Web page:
On February 28, 2007, May 1, 2007, July 3, 2007, September 4, 2007, and November 2, 2007, Dollar requested and was granted extensions of his January 3, 2006 disability leave. (Def.'s 56.1 ¶¶ 20-21; Exs. 38-47.) Again, each of these requests (1) included an affirmation by Dollar's treating physician that Dollar's disability was ongoing; (2) reflected that Dollar had scheduled his next appointment with his physician in approximately two months; and (3) stated that Dollar would be able to return to work in four weeks. (Exs. 38-47.) Dollar returned to work in November 2007. (Def.'s 56.1 ¶ 23; Pl. Dep. at 168.)
Dollar began his third leave of absence in early May 2008, and submitted to BHC medical documentation of the recurrence of his disability soon thereafter. (Pl. Dep. at 174, 184; Exs. 50, 52.) He applied for extensions of his leave on June 3, 2008, August 1, 2008, October 1, 2008, December 9, 2008, February 3, 2009, and April 1, 2009. (Exs. 53-54, 56-64.) As before, his requests provided an affirmation by his treating physician that he remained disabled and all but his last submission reflected that would next see his physician in approximately two months. (Id.) Each submission noted that Dollar could return to work in four weeks, but Dollar's last submission also included the more specific information that Dollar could return to work on May 4, 2009. (Id.)
Dollar did not return to work on May 4, 2009. (Def.'s 56.1 ¶ 27; Pl. Dep. at 202.) On June 17, 2009, BHC sent Dollar a letter stating that he was on unauthorized leave because he had still not returned to work and had not submitted any medical documentation justifying his continued absence. (Def.'s 56.1 ¶ 29; Ex. 65.) The letter warned that if Dollar did not submit updated documentation from his physician by June 26, 2009, BHC would terminate his employment. (Id.)
On June 23, 2009, Dollar submitted medical documentation indicating that he remained disabled but could return to work in four weeks. (Def.'s 56.1 ¶ 31; Pl. Dep. at 211; Ex. 66.) Dollar did not return to work or submit additional documentation between June 23, 2009, and October 12, 2009,*fn2 when BHC sent him a letter terminating his employment for the stated reason that he "failed to submit documentation supporting [his] medical leave of absence." (Def.'s 56.1 ¶¶ 32-34; Pl. Dep. at 215; Ex. 67.)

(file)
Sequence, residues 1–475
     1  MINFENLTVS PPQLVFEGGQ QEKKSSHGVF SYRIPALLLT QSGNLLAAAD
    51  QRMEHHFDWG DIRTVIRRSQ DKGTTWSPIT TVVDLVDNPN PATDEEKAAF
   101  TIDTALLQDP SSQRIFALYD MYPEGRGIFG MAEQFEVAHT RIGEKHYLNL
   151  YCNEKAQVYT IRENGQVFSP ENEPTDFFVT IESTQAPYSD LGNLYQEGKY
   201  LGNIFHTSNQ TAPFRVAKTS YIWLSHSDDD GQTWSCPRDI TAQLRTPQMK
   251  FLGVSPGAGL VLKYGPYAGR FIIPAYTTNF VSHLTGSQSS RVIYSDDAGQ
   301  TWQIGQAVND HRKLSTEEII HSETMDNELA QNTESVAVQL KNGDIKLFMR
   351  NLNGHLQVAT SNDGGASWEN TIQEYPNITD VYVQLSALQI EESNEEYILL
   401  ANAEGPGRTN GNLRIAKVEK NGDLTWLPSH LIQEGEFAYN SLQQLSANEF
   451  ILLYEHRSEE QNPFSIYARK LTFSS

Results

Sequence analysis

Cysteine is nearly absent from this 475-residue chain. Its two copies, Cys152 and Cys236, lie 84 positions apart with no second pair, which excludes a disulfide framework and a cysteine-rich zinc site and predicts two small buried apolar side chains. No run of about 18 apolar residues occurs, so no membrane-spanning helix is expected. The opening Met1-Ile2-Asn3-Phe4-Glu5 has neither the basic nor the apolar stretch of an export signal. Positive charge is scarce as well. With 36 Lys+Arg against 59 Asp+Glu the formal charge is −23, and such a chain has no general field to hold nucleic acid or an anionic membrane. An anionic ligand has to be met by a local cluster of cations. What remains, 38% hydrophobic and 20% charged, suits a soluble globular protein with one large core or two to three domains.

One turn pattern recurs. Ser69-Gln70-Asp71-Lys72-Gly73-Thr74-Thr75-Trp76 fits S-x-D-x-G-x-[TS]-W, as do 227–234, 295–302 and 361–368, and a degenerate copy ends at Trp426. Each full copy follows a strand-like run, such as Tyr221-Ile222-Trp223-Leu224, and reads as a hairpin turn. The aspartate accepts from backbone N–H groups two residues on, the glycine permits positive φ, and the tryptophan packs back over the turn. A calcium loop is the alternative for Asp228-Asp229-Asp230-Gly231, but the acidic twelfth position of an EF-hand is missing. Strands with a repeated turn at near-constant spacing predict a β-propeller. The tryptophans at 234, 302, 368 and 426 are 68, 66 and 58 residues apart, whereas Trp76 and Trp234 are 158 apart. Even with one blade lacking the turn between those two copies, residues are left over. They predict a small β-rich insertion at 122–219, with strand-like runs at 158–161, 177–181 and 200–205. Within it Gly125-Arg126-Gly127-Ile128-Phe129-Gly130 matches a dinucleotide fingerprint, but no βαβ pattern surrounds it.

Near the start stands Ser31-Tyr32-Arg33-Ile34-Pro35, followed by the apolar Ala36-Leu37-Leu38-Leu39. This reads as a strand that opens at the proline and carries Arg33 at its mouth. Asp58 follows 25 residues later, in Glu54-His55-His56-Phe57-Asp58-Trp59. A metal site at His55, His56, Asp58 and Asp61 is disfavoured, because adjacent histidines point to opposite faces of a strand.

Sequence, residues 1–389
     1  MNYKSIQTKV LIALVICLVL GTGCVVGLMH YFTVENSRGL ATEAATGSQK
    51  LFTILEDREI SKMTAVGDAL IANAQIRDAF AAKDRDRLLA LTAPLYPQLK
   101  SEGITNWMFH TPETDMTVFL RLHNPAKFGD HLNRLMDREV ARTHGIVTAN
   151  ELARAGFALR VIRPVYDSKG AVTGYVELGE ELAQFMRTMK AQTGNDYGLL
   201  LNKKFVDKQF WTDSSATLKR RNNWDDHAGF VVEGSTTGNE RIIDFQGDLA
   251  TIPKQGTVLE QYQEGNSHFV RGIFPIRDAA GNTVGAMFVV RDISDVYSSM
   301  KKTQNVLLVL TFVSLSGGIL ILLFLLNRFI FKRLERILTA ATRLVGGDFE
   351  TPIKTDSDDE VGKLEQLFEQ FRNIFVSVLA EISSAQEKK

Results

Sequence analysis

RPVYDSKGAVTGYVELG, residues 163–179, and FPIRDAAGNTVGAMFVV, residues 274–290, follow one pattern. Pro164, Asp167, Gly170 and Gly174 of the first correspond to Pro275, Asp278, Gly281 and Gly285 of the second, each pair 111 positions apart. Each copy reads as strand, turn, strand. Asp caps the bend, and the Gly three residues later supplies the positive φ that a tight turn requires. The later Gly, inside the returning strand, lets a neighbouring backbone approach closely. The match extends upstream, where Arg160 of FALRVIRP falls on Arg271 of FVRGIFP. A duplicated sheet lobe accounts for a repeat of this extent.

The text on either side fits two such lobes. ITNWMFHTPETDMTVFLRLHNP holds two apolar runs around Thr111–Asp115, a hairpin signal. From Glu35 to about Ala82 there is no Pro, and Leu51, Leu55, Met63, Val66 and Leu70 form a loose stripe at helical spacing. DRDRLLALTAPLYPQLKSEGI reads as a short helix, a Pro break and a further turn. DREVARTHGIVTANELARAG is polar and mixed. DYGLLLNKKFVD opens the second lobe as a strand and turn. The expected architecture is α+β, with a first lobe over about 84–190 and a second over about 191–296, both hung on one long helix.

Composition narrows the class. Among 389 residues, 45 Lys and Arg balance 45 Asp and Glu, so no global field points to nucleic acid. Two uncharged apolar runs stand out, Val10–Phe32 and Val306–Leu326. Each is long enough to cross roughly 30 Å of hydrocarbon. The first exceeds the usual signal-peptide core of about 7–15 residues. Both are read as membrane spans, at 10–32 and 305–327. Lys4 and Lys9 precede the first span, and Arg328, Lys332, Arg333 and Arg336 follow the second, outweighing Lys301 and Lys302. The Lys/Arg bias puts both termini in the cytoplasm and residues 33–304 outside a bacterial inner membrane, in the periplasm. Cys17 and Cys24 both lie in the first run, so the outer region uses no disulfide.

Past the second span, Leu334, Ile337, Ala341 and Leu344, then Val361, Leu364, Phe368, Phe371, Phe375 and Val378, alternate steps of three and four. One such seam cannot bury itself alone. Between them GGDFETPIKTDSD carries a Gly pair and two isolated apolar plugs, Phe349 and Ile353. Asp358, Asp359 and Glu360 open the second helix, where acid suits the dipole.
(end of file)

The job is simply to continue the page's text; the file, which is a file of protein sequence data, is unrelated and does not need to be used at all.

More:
Dollar filed a charge of disability discrimination with the Equal Employment Opportunity Commission ("EEOC") on June 29, 2010. (Ex.79.) A month later, on July 30, 2010, the EEOC advised Dollar that it had determined that the evidence in his case "fail[ed] to indicate that a violation ha[d] occurred" and was dismissing his charge, and it issued Dollar a right-to-sue letter. (Ex. 81.) This federal action followed on October 15, 2010.
A. Summary Judgment Standard
Summary judgment is required "if the movant shows that there is no genuine dispute as to any material fact and the movant is entitled to judgment as a matter of law." Fed. R. Civ. Proc. 56(a). In applying this standard, a court "must draw all reasonable inferences in favor of the nonmoving party, and . . . may not make credibility determinations or weigh the evidence." Reeves v. Sanderson Plumbing Prods., Inc., 530 U.S. 133, 150 (2000). Thus, after reviewing "the record taken as a whole," Matsushita Elec. Indus. Co., Ltd. v. Zenith Radio Corp., 475 U.S. 574, 587 (1986), I grant summary judgment only if "no rational finder of fact could find in favor of the non-moving party," Carlton v. Mystic Transp., Inc., 202 F.3d 129, 134 (2d Cir. 2000). Just as at other stages of a case, on a summary judgment motion, courts must give "special latitude" to pro se litigants, Salahuddin v. Coughlin, 999 F. Supp. 526, 535 (S.D.N.Y. 1988), and read their submissions liberally, Brownell v. Krom, 446 F.3d 305, 310 (2d Cir. 2006).
Also, courts must be "particularly cautious about granting summary judgment in a discrimination case when the employer's intent is in question." Schwapp v. Town of Avon, 118 F.3d 106, 110 (2d Cir. 1997). In such cases courts should carefully scrutinize the submissions of the parties and deny a motion for summary judgment even when only circumstantial evidence suggests a genuine dispute of material fact. Id. However, as in all similarly "fact-intensive context[s]," summary judgment is appropriate in limited circumstances in discrimination cases. Abdu-Brisson v. Delta Air Lines, Inc., 239 F.3d 456, 466 (2d Cir. 2001).